[Comp-neuro] CCNC Conference Deadline Extended to July 1

Randall C. O'Reilly Randy.OReilly at colorado.edu
Sat Jun 17 07:46:47 CEST 2006


Due to popular request and the inadvertent conflict of the deadline
with the OHBM conference currently going on, the organizing committee
has extended the deadline for abstract submission to July 1,
2006. Notification of acceptance will be correspondingly extended to
August 1, 2006.

Other reminders: 
    * Online registration open: www.ccnconference.org
    * Symposia topics selected --- see below
    * Brain Research has agreed to publish selected papers from this meeting, 
      possibly a special issue. 

                   ~ Final Call for Abstracts ~


To be held in conjunction with the 2006 PSYCHONOMIC SOCIETY CONFERENCE,
November 16-19, 2006 at the Hilton Americas hotel in Houston, TX.

CONFERENCE DATES: Wed-Thu November 15 & 16, 2006

The inaugural CCNC 2005 meeting held prior to Society for Neuroscience (SfN)
in Washington DC was a great success with approximately 250 attendees 60
presented posters and strongly positive reviews. In future years it will
continue to be held on a rotating basis with other meetings such as (tentative
list): Cognitive Neuroscience Society (CNS) Organization for Human Brain
Mapping (OHBM) Cognitive Science Society (CogSci) Neural Information
Processing Systems (NIPS) and Computational and Systems Neuroscience (COSYNE).


Abstracts to be submitted online via the website:

Like last year, there will be two categories of submissions: 
   *Poster only
   *Poster, plus short talk (15 min) to highlight the poster

Abstracts should be no more than 500 words. Women and underrepresented
minorities are especially encouraged to apply. Reviewing for posters will be
inclusive and only to ensure appropriateness to the meeting. Short talks will
be selected on the basis of research quality relevance to conference theme and
expected accessibility in a talk format. Abstracts not selected for short
talks will still be accepted as posters as long as they meet appropriateness


The journal Brain Research has agreed to publish selected papers from
this meeting as a dedicated section, and possibly special issue of the
journal. Presenting authors can elect to have their work considered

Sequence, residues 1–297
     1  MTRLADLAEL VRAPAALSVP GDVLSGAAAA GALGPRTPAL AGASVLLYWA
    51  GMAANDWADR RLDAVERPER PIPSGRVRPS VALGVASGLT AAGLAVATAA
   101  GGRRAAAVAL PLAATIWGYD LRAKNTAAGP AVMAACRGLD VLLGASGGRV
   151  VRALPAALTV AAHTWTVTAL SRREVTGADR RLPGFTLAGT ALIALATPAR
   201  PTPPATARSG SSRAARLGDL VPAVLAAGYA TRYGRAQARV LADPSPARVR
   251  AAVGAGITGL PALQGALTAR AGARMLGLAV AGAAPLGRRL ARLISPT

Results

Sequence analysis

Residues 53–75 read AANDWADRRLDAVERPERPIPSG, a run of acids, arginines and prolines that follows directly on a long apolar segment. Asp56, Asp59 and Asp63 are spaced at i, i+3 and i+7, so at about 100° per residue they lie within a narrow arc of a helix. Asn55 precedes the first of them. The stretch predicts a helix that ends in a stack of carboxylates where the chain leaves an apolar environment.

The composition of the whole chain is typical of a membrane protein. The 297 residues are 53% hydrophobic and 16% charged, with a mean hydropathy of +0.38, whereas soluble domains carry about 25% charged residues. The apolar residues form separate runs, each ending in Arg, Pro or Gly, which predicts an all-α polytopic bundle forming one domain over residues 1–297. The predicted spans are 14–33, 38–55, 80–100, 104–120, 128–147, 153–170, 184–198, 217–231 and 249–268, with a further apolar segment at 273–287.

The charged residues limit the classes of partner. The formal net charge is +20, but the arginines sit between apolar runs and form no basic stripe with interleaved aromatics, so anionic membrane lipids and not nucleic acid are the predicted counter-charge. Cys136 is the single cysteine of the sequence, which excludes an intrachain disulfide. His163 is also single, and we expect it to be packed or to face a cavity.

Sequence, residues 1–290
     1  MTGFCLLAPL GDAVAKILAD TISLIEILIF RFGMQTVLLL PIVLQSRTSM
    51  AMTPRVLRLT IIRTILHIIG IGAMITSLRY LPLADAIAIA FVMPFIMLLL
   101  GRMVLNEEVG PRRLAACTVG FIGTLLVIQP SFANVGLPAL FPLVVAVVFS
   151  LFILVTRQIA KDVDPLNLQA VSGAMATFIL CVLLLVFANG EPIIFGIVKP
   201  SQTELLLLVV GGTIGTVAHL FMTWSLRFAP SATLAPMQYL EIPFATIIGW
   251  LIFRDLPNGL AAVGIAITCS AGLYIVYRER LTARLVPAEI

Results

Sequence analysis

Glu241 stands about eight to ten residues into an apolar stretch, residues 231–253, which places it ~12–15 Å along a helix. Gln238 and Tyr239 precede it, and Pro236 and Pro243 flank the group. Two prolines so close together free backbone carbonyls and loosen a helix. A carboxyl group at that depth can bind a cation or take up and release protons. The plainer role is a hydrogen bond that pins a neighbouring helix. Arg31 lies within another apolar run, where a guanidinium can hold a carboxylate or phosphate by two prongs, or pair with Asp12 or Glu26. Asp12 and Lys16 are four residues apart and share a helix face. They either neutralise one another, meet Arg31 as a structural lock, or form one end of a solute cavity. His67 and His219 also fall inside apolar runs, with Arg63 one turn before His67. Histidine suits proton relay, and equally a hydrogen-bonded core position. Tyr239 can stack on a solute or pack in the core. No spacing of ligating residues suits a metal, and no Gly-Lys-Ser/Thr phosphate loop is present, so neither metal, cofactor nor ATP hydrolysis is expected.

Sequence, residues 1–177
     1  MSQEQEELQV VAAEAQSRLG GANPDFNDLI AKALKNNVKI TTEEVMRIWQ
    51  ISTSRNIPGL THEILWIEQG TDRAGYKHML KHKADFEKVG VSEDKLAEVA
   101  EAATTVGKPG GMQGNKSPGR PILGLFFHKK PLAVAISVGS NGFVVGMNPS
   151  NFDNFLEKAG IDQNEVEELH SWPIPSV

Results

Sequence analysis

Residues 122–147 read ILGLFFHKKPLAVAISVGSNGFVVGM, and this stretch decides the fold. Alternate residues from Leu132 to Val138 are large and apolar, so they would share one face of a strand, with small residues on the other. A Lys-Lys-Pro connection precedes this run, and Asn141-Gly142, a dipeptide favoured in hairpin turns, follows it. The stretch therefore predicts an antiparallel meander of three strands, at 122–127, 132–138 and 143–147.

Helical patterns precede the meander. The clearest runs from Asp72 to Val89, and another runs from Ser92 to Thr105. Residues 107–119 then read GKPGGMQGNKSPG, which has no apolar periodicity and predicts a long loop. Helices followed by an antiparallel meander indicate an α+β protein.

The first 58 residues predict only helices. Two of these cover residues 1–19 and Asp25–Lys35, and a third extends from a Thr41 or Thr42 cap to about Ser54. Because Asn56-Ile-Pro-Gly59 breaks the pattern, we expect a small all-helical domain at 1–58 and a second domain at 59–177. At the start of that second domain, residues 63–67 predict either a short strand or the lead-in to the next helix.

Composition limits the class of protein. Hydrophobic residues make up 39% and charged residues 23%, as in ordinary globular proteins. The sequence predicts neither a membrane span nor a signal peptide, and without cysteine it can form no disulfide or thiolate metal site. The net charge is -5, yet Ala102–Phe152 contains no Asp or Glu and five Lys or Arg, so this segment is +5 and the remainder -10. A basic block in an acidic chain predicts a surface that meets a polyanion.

for this purpose. Final selections will be made by the program
committee shortly after the meeting.

Preliminary Program:
* 2006 Keynote Speakers (confirmed):
       Mike Kahana, University of Pennsylvania
       Mark Seidenberg, University of Wisconsin Madison
* 3 Symposia (2 hours each):

  1) Face/Object Recognition: Are Faces Special, or Just a Special Case? 
     Computational models of face and object processing

        Gary Cottrell, UCSD (Moderator)
        Kalanit Grill-Spector, Stanford
        Alice O'Toole, UT Dallas
        Maximilian Riesenhuber, Georgetown

      What can computational models tell us about human visual object
      processing? We have excellent models that explain how we may recognize
      objects at multiple scales and orientations, while other models explain
      why faces may or may not be "special," or simply a special case. The
      goal of this symposium is to summarize what we understand with some
      degree of confidence, what is still not understood, and to what degree
      what we understand meshes with data on human and animal visual
      processing, including behavioral, fMRI, neurophysiological, and
      neuropsychological data.

  2) Semantics: Development and Brain Organization of Conceptual Knowledge:
     Computational and Experimental Investigations.

        Jay McClelland, Stanford University (Moderator)
        Linda Smith, Indiana University
        Tim Rogers, University of Wisconsin
        Alex Martin, National Institute of Mental Health 

     The symposium is predicated on the assumption that there are links
     between conceptual structure, experience, conceptual development, and
     brain organization of conceptual knowledge. Jay McClelland will begin
     with a computational perspective on conceptual development, followed by
     Linda Smith with an empirical perspective. We would then switch to the
     subject of brain organization of conceptual knowledge, beginning with a
     computational perspective by Tim Rogers followed by an empirical
     perspective from Alex Martin.

  3) Cognitive Control: Computational and Empirical Investigations

        Mike Mozer, University of Colorado (Moderator)
        Others not yet confirmed

* 12 short talks featuring selected posters

* Poster sessions (2)

2006 Planning Committee:

Suzanna Becker, McMaster University
Jonathan Cohen, Princeton University
Yuko Munakata, University of Colorado, Boulder
David Noelle, Vanderbilt University
Randall O'Reilly, University of Colorado, Boulder
Maximilian Riesenhuber, Georgetown University Medical Center

Executive Organizer: Thomas Hazy, University of Colorado, Boulder

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